Gabriel Thompson writes today in The Nation about a summer job he had a few years back, working on the assembly line at a Pilgrim's Pride poultry plant in Alabama. The chickens flew by on hooks at 90 birds-per-minute as he sliced and cut the meat non-stop. It didn't take long for him to meet co-workers who suffered from painful and debilitating musculoskeletal disorders caused by the high-speed, repetitive work. Thompson writes:
"One was unable to hold a glass of water; another had three surgeries on her wrists; a third had discovered, after a visit to the doctor, that her thumb joint had almost disappeared after twelve years of line work. She told me her doctor had taken a vein from her leg and wrapped it around her thumb in an attempt to replace the missing cartilage."
Whether its chicken, turkey, beef or pork, workers in industrial meat processing will tell you, "the line speed kills you."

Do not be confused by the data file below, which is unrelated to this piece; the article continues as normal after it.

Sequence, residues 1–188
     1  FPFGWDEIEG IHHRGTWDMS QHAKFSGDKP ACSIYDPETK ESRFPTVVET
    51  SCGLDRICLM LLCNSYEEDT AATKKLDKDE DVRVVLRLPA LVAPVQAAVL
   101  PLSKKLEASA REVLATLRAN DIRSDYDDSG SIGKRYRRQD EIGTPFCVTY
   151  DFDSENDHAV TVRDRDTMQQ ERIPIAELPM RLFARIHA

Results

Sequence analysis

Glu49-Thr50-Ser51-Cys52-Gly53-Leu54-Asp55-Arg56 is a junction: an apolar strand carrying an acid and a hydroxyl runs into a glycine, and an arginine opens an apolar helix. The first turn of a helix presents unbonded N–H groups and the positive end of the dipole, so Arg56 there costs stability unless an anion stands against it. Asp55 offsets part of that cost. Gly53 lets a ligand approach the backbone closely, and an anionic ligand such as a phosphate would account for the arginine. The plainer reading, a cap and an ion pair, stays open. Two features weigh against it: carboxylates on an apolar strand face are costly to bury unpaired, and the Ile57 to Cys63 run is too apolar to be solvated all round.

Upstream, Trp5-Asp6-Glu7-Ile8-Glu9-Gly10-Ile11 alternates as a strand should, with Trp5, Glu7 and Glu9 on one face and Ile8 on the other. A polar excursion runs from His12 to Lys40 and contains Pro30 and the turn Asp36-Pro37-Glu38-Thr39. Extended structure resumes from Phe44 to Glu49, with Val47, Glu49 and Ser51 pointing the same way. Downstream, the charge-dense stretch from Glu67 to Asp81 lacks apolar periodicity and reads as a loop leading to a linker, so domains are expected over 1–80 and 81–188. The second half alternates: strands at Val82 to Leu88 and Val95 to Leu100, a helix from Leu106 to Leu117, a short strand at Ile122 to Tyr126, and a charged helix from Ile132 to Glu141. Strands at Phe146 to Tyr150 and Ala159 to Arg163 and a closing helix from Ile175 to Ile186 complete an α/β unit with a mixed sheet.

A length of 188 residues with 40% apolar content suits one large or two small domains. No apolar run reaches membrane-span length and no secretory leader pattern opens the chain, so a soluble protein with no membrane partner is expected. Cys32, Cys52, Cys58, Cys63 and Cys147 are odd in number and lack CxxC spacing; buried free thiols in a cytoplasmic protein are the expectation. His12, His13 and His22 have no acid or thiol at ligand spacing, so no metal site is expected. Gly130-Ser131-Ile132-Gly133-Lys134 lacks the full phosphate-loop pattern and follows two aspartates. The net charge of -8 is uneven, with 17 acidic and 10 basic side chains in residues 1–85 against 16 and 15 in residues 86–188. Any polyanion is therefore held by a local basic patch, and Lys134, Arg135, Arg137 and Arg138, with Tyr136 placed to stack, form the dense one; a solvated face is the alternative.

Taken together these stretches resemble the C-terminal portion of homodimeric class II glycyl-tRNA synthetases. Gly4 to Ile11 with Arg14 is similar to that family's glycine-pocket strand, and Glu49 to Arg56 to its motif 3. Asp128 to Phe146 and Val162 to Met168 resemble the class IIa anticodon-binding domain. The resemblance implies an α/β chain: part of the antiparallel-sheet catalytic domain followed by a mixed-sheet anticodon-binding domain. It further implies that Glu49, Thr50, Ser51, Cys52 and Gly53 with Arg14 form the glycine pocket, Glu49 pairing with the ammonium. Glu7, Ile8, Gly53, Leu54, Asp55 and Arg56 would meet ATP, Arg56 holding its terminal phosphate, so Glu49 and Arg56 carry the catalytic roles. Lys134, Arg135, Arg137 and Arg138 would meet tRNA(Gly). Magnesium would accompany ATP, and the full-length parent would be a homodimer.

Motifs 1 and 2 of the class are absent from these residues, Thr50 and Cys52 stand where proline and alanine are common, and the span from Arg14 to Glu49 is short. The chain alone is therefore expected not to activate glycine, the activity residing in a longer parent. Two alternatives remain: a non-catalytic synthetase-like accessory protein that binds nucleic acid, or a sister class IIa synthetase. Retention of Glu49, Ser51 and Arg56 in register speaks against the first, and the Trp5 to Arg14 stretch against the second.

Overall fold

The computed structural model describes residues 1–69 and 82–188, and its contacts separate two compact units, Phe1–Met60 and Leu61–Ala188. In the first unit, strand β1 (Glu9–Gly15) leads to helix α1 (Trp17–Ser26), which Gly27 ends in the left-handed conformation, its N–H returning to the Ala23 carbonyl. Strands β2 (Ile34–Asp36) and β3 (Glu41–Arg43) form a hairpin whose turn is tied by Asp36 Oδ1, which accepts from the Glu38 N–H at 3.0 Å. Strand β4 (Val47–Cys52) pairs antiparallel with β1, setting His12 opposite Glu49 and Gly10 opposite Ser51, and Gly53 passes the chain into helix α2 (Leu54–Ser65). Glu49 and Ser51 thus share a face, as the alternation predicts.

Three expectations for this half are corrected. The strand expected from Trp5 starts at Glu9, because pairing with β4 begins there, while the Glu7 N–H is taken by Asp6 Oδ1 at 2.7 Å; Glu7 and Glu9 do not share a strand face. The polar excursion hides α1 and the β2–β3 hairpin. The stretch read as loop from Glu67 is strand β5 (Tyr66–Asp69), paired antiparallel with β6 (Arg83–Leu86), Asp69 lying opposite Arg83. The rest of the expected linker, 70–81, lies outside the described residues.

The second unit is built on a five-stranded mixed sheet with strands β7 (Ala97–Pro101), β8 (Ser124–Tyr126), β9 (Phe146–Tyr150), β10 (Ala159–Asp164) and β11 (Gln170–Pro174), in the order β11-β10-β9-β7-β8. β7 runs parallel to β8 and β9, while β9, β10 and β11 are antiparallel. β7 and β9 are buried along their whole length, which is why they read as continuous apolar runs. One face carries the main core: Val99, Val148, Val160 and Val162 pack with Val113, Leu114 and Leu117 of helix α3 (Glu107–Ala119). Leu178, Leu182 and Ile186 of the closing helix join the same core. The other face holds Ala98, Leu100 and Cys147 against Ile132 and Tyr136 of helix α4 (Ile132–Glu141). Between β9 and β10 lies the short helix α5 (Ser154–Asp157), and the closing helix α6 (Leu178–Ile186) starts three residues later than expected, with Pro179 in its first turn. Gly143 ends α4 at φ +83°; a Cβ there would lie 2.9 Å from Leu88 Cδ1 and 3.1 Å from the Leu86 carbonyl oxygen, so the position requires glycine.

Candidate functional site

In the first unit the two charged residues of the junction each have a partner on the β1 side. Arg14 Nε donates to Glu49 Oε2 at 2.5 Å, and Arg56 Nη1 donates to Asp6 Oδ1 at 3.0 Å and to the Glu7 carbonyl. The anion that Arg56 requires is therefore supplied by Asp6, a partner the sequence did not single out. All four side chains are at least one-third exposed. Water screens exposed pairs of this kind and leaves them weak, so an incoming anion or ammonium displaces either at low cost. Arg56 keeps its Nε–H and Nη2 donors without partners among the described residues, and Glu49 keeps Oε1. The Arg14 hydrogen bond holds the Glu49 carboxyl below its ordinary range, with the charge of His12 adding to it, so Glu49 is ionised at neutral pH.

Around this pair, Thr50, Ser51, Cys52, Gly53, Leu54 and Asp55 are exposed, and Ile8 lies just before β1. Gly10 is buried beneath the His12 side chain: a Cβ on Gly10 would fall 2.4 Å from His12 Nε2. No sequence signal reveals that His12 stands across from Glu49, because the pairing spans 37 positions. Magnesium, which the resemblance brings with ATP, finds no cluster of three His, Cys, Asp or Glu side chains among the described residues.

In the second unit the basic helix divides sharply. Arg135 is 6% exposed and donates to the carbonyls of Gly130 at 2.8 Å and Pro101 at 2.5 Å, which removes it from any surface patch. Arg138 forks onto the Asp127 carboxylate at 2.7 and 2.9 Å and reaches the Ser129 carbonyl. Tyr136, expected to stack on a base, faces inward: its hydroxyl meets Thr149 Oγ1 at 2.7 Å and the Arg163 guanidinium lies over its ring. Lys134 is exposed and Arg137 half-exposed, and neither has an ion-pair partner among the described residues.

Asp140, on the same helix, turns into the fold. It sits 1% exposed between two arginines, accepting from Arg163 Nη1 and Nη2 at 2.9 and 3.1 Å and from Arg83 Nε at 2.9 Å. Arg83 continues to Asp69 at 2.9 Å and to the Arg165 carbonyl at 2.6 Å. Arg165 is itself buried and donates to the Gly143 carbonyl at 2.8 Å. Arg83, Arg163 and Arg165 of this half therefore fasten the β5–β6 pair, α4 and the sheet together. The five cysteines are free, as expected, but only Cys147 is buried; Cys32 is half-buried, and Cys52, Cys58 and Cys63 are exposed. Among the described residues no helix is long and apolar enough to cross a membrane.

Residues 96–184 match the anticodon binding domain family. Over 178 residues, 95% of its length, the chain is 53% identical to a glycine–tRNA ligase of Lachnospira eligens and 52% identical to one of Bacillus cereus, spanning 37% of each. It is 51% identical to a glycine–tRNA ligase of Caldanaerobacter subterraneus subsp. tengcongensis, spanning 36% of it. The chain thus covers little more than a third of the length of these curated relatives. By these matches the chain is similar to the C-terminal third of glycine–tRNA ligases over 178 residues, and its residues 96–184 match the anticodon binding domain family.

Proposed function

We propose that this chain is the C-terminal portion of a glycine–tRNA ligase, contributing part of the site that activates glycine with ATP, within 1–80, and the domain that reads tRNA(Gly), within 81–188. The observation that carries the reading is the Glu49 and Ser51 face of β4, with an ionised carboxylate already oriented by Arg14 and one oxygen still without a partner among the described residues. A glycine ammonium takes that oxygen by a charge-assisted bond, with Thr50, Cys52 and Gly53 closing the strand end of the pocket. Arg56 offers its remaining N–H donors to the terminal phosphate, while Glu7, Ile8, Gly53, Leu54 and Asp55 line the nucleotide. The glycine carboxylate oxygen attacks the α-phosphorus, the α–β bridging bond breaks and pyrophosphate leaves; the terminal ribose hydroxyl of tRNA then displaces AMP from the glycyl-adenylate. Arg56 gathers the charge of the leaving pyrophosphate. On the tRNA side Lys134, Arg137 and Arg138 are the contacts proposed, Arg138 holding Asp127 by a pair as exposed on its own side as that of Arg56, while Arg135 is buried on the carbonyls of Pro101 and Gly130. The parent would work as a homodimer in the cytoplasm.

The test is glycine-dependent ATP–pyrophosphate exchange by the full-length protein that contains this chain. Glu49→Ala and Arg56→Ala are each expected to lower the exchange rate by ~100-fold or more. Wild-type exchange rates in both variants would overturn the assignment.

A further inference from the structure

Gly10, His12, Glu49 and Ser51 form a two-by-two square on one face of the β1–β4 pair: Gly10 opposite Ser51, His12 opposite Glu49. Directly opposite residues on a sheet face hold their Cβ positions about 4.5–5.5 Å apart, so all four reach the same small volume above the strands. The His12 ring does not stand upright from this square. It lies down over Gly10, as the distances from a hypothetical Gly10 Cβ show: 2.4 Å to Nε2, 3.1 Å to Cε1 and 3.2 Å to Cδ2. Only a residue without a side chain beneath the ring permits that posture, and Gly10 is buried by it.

Earlier this year, the USDA's Food Safety Inspection Service (FSIS) issued a proposed rule entitled "Modernization of Poultry Slaughter Inspection" (77 Fed Reg 4408.) In the very first paragraph of the notice, the agency explains this proposal was developed in response to President Obama's edict about regulations, specifically, to seek out "outmoded" and "excessively burdensome" rules and repeal or replace them with more streamlined ones. The change proposed by USDA involves shifting the responsibility for examining and sorting poultry carcasses with obvious defects from USDA inspectors to the assembly line workers. USDA says this will allow federal poultry inspectors to focus more attention on other areas of the production process.
The Obama Administration's regulatory czar Cass Sunstein suggests this is a win-win for the government and the industry. It will save taxpayers $40 million per year because there will be fewer USDA/FSIS poultry plant inspectors. It will benefit the industry with $1 Billion over five years. That's because the poultry processing plants will be able to increase the assembly line speeds up to 175 birds-per-minute, and that means....more chicken flying off the lines and onto store shelves! More product, more profit, more money in the poultry industry's pockets. The industry loves it. "We commend USDA" says the American Meat Institute.